The national rate of households that lacked a bank or credit union account fell 0.9 percentage points to 4.5%, or 5.9 million households, from 2019 to 2021 – the lowest unbanked rate since the 2009 launch of the biennial National Survey of Unbanked and Underbanked Households, the Federal Deposit Insurance Corp. (FDIC) said Tuesday.
The 2019-2021 drop in the national unbanked household rate corresponded to an increase of approximately 1.2 million banked households, raising the rate of banked households to nearly 96% last year, the agency reported. Between 2011 – when the unbanked rate was at its highest level since the survey began – and 2021, the unbanked rate fell 3.7 percentage points, corresponding to an increase of approximately 5 million banked households, it said.
“Unbanked” for purposes of the survey means no one in the household had a checking or savings account at a bank or credit union, the agency said.
In other findings, the agency said, 14.1% of households, or 18.7 million, were underbanked in 2021, meaning they had a bank or credit union account and used nonbank financial products – money orders, check cashing, or international remittances (i.e., nonbank transactions); and nonbank financial services – rent-to-own services or payday, pawn shop, tax refund anticipation, or auto title loans (i.e., nonbank credit).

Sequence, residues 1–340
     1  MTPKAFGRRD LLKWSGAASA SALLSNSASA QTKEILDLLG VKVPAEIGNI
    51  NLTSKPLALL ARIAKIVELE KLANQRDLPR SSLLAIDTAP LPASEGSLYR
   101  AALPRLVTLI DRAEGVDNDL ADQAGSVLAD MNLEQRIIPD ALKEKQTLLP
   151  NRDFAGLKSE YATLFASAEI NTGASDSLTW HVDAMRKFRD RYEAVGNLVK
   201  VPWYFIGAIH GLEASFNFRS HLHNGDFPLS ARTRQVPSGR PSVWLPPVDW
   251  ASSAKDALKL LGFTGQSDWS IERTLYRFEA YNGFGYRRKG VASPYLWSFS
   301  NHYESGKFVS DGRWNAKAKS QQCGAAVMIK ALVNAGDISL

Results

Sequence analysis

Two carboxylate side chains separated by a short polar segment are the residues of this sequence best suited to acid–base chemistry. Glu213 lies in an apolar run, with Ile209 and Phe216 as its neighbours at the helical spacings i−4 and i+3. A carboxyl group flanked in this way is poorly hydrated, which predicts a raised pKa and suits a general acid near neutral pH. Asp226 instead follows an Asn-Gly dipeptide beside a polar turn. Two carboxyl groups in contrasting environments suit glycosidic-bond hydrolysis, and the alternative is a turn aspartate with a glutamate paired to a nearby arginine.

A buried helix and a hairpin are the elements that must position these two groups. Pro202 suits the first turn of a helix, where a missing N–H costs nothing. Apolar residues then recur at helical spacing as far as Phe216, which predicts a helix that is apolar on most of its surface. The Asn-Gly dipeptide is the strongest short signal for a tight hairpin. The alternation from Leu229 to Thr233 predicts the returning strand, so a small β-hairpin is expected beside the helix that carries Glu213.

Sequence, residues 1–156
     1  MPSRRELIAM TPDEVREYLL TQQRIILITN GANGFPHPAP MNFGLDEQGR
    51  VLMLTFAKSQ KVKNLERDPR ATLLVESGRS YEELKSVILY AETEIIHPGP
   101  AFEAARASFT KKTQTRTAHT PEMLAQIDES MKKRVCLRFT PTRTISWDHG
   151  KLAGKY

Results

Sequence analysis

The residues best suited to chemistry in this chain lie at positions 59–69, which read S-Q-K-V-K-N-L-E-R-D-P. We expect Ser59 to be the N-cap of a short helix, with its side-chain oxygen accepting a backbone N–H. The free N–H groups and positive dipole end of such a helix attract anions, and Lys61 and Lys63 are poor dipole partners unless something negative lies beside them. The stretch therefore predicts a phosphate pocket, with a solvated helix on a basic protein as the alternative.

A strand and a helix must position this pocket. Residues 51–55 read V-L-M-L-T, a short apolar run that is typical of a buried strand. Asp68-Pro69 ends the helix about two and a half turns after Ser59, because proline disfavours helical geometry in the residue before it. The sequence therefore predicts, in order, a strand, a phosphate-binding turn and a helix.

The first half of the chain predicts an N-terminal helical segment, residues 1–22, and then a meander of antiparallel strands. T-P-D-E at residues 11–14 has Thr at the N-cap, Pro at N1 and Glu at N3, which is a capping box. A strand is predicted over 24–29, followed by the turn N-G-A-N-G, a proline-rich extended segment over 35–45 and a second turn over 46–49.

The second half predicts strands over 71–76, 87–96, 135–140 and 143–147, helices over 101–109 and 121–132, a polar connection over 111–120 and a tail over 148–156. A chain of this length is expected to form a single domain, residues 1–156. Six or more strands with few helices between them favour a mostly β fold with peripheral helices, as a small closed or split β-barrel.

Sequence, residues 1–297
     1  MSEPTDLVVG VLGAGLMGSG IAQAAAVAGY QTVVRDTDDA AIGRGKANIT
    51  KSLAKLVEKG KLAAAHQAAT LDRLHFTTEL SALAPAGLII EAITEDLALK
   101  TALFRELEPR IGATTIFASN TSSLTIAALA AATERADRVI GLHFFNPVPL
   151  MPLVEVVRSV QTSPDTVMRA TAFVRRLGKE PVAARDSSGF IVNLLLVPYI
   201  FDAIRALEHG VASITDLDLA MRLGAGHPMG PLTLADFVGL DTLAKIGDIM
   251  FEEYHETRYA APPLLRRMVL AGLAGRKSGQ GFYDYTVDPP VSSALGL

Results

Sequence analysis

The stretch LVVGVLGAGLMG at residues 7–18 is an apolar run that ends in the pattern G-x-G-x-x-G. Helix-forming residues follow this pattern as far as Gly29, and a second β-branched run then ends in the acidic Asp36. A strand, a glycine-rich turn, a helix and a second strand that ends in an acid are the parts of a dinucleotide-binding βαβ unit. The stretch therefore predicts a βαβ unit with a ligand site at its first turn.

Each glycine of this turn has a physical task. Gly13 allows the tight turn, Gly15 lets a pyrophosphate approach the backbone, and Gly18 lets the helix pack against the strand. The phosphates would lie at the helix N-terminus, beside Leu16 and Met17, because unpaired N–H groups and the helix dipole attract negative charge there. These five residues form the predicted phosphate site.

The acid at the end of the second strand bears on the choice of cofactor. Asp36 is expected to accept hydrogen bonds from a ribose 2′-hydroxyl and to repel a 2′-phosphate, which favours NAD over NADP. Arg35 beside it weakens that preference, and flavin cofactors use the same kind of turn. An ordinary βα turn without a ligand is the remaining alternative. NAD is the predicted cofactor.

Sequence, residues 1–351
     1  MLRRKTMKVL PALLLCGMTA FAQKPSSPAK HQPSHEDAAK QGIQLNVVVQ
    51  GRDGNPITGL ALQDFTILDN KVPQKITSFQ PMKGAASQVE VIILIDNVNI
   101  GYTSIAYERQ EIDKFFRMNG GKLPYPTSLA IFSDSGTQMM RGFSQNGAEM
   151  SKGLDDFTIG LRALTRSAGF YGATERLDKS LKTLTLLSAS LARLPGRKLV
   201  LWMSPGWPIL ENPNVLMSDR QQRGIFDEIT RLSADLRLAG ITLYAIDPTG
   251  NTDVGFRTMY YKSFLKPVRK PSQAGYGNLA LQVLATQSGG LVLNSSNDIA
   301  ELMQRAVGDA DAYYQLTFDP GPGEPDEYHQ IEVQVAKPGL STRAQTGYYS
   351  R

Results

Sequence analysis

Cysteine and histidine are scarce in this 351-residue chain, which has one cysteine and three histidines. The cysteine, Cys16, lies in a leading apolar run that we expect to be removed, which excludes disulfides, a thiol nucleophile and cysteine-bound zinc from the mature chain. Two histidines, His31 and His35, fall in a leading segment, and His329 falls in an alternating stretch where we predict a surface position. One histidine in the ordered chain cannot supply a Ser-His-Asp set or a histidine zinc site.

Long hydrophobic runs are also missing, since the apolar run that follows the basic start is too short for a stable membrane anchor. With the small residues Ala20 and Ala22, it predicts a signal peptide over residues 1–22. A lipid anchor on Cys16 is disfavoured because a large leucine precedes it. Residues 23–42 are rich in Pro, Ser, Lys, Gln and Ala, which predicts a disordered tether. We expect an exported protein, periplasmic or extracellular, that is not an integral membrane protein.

Regarding primary methods of bank account access, among banked households:
- Use of mobile banking increased sharply (from 15.1% in 2017 to 34.0% in 2019, to 43.5% in 2021) and remained the most prevalent primary method of account access.
- Use of a bank teller declined considerably (from 24.8 percent in 2017 to 21.0% in 2019, to 14.9% in 2021) but remained prevalent among certain segments of the population, including lower-income households, less-educated households, older households, and households that did not live in a metropolitan area.
… and among underbanked households:
- Use of mobile banking was higher among underbanked households (48.8 percent) than among fully banked households (42.5 percent).
- Use of online banking as the primary method of account access was much lower among underbanked households (11.6%) than among fully banked households (23.8%).
- Similar proportions of underbanked households (15.0%) and fully banked households (14.9%) used a bank teller as the primary method of account access.
The survey is on the agenda for Thursday’s public meeting of the FDIC Advisory Committee on Economic Inclusion.